Eco-Nomics - Why do our Economic Systems Continue to Exploit Ecosystems?
CIWEN asks whether a monetary system based on economic growth is capable of nurturing our increasingly delicate ecosystems...
CIWEM's latest Policy Position Statement 'Placing a Monetary Value on Ecosystem Services' reviews the use of monetary valuation techniques as part of an Ecosystems Approach, and its appropriateness whilst a number of moral and ethical questions remain unanswered. CIWEM urges extreme caution in proceeding with a policy of putting a price on nature advocating a high profile public debate to address the implications.
Driven by the continuing desire of UK governments for economic growth, an ability to place a monetary value on the services provided by ecosystems has become increasingly recognised by the broader policy and business communities. It is believed that this can help better reflect the importance and finite nature of environmental services and resources which, under current decision making procedures, are often prescribed an economic value of zero.
However, a number of critics have argued that there are a number outstanding ethical questions surrounding the appropriateness of valuing the environment remaining, this has led to a polarised and emotive debate. Much of this opposition stems from a perceived attempt to shoehorn the environment into a flawed economic model. Trying to fit the natural world's system of complex interdependencies and linkages into a linear economic model is not possible. These complexities and how they function are yet to be fully understood and explored in detail and as such, any valuations are based on limited scientific understanding. Whilst proponents note that placing an absolute price on nature is impossible, the motivations surrounding this approach and the ability of it to be exploited are deemed to be potentially very dangerous.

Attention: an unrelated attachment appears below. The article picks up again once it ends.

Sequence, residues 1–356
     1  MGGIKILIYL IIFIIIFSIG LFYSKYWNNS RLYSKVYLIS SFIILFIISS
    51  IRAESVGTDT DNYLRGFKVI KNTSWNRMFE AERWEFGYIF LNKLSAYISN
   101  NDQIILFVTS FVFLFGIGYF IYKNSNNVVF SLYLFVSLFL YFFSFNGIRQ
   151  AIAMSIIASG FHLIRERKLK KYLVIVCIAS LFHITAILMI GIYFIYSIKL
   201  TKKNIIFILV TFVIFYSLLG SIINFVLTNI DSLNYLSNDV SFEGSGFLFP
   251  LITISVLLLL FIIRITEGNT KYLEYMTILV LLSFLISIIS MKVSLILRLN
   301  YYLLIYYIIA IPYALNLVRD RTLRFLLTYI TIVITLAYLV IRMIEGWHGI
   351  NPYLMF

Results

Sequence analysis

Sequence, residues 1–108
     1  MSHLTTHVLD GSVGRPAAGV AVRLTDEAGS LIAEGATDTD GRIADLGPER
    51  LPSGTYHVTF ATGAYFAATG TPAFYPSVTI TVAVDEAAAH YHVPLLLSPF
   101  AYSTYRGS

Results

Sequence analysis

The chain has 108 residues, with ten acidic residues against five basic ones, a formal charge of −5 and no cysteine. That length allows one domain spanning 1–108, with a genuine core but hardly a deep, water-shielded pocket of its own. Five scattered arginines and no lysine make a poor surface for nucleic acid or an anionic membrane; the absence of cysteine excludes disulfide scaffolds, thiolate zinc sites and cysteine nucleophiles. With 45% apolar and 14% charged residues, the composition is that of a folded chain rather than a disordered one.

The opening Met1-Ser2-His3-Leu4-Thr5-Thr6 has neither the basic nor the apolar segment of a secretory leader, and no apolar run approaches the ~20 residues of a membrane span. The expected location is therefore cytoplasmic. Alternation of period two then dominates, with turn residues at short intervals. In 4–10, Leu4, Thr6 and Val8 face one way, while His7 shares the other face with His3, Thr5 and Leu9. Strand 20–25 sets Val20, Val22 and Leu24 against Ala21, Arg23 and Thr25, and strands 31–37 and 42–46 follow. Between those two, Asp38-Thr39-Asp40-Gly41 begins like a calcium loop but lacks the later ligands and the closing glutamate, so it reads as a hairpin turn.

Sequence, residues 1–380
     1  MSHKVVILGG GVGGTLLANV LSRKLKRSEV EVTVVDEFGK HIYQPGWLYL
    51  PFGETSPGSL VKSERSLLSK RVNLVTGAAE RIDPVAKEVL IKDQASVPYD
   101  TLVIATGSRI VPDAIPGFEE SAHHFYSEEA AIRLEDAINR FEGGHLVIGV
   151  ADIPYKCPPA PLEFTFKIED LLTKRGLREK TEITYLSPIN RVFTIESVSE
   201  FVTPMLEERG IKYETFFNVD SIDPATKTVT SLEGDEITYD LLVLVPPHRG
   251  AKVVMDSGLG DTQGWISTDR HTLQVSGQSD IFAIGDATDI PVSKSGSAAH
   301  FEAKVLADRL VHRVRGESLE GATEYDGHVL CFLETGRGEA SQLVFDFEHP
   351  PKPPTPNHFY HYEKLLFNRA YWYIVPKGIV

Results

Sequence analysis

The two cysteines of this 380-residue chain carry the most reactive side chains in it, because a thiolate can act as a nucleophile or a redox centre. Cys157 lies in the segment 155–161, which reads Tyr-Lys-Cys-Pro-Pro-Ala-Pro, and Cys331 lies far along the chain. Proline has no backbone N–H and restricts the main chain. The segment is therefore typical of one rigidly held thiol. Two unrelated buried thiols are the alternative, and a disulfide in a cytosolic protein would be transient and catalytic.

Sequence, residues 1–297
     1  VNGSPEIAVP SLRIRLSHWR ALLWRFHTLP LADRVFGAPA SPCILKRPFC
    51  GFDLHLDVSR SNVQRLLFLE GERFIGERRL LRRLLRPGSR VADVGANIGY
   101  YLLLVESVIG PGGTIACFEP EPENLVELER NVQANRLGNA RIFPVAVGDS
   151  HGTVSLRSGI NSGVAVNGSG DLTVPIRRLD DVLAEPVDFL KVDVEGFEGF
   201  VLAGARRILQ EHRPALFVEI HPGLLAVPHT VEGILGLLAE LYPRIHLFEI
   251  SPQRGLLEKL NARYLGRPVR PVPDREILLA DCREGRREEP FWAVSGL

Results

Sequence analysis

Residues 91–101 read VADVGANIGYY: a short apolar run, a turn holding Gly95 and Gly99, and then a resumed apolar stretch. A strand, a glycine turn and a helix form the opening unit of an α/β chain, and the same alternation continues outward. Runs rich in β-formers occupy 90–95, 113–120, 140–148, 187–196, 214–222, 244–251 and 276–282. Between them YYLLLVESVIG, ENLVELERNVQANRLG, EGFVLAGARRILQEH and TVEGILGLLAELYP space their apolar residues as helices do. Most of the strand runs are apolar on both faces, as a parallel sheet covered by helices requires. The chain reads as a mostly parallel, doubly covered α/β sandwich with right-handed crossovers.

Whilst CIWEM supports an Ecosystems Approach, the institution calls strongly for a public debate surrounding the consequences of adopting monetary valuation specifically. As a relatively new concept to the broad environmental disciplines within the UK, there is a lack of experience and an insufficient evidence base to provide certainty on what this approach offers and what it may lead to. CIWEM also calls for an independent assessment of the moral and ethical implications of placing a monetary value on ecosystem services. Such an assessment should explain how ecosystems will be protected and which organisation will perform the duties of a publically accountable arbiter of their economic value.
CIWEM's Executive Director, Nick Reeves OBE, says:
"Whilst the exercise of placing a monetary valuation on nature is well-intentioned, its flaws need to be addressed in a serious manner. What is being proposed delivers the natural world into the hands of those who would destroy it for financial gain, continuing to mask the business as usual approach that puts the environment at the service of the economy instead of the economy at the service of the environment. Safeguards and procedures are needed to ensure potential loopholes for environmental exploitation are closed."
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In our next issue Permaculture 74 (Coming out soon) Dr Joanna Boehnert explains why Rio+20's Green Economy program is more of a problem than an ecological solution